Half a decade later, the identity of Blurryface might remain a mystery to any non- or even casual fans who haven’t attempted a dive into the Blurryface album’s thematic elements. On “Stressed Out” in particular, that identity surfaces in the pre-chorus refrain of “My name’s Blurryface, and I care what you think.”
“I was thinking big picture,” Elizondo says. “So I had a good conversation with him trying to say, 'Hey, maybe you should change that; it's a great melody, it's a big hook of the song, but I just don't know what it means.’” He quickly softened following Joseph’s explanation of the larger album concept, and as it eventually turned out, the average listener didn’t mind much at all.
The duo, which had been slowly gaining a following that eventually stretched well outside its Columbus, Ohio, digs, found occasional alternative radio success with 2013’s Vessel, and lead Blurryface single “Tear in My Heart” launched the band to new heights on Billboard’s Alternative Songs chart, peaking at No. 2 in July 2015.
But during the initial radio run of “Tear in My Heart” came the digital release of “Stressed Out.” Unlike its predecessor’s sunnier, uptempo setup, the song was midtempo, punctuated by brief string-and-synth blasts and eerie theremin-like sounds underlying Joseph’s vocals, which almost sounded conversational rather than rapped on the verses, like a confessional, an airing of one’s anxieties to a close friend sitting next to you.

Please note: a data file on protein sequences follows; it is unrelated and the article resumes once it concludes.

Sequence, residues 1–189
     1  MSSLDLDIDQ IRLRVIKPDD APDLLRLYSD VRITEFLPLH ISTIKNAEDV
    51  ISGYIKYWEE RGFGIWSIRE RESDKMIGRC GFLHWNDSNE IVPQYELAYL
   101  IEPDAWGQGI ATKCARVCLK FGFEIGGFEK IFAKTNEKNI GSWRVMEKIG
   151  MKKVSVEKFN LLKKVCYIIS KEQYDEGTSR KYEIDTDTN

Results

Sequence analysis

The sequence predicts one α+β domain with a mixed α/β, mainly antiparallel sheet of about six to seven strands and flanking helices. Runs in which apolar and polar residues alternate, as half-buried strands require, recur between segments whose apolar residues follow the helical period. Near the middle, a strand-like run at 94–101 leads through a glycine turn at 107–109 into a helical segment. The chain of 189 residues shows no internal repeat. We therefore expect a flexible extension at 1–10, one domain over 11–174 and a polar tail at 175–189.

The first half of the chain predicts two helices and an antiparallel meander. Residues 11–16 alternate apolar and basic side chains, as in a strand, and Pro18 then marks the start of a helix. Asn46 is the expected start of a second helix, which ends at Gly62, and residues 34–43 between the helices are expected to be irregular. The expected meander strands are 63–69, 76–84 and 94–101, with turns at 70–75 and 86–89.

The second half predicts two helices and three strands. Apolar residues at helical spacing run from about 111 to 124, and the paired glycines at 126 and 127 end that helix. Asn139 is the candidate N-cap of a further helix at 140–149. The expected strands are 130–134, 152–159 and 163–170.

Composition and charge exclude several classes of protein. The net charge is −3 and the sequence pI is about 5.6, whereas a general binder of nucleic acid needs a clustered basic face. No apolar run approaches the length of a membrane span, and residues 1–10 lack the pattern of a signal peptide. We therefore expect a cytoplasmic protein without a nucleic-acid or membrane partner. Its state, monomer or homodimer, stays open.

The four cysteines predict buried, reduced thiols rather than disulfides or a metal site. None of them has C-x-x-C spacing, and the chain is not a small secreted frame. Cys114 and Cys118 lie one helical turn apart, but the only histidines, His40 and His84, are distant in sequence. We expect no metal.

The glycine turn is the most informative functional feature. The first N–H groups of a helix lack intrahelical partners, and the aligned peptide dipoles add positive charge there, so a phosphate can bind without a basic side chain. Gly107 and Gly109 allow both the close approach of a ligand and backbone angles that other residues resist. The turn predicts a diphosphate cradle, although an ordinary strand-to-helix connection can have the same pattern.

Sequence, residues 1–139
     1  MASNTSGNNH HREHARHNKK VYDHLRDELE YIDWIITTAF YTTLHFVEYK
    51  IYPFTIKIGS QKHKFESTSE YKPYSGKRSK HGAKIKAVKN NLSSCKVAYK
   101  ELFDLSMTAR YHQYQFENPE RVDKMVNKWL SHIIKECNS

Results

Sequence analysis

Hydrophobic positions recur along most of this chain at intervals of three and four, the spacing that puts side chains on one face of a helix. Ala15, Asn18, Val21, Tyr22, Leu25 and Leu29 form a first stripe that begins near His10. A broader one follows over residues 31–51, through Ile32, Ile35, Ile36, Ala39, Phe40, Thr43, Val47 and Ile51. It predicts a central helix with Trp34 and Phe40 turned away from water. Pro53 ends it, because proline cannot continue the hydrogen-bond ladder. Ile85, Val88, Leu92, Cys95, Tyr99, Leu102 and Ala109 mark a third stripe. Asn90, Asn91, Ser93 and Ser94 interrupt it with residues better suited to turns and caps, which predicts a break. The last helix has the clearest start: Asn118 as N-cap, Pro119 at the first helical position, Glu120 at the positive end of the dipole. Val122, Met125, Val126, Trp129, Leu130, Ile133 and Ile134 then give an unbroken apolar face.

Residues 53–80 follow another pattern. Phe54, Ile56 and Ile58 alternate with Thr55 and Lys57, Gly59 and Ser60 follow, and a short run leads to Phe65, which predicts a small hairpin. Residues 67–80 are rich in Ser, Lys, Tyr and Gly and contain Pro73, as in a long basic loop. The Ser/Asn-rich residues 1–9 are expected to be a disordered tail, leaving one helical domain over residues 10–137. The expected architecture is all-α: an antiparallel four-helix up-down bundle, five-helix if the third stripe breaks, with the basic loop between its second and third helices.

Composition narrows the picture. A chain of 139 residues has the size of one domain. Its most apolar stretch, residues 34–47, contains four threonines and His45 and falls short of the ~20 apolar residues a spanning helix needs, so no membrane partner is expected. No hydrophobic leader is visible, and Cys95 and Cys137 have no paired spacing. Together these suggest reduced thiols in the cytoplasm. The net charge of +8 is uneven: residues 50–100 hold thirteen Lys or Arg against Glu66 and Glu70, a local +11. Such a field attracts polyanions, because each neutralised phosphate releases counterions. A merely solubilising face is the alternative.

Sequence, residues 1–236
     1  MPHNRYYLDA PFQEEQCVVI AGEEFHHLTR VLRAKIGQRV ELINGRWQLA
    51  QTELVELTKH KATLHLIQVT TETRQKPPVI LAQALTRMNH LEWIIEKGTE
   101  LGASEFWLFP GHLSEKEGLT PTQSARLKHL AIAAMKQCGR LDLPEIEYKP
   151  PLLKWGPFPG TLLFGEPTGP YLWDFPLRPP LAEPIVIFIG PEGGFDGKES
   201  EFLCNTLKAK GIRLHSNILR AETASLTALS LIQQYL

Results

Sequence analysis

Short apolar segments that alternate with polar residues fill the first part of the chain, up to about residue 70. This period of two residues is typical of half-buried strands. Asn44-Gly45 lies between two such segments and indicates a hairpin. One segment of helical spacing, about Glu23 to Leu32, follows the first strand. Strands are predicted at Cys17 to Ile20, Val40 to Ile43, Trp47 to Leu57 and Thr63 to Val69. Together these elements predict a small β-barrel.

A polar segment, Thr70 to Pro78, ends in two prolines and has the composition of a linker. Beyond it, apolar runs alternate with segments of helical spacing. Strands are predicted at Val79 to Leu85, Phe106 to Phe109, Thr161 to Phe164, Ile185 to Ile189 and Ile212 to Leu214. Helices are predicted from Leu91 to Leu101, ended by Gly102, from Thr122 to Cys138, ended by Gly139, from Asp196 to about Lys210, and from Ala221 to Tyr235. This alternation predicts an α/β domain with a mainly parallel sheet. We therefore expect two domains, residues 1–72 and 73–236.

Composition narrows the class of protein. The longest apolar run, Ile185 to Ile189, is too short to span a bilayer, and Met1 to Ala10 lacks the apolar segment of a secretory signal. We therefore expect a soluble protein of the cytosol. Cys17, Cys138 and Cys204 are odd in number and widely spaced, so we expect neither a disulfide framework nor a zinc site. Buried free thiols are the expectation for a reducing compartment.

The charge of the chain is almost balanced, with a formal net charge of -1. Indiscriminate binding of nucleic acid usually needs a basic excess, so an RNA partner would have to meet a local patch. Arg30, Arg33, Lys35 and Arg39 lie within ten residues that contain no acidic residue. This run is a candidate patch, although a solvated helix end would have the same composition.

And, frankly, it kind of was. If any one song captures the millennial/gen Z experience of the mid-2010s, it’s a song whose chorus pines for the “good old days” of carefree youth and whose bridge describes the pressures of external voices telling one to “wake up; you need to make money.”
Who of a certain demographic couldn’t relate, after all? “Stressed Out” is full of one- or two-liners that practically define a generation – “I was told when I get older, all my fears would shrink/ But now I’m insecure, and I care what people think,” “Out of student loans and treehouse homes, we all would take the latter,” the list goes on. He’s speaking to a generation — of which Joseph, in his mid-20s at the song’s release, is a part — that was not only drowning in college loan debt but was also sharing those anxieties and more all over social media, perhaps feigning apathy when in reality they craved peer acceptance more than ever.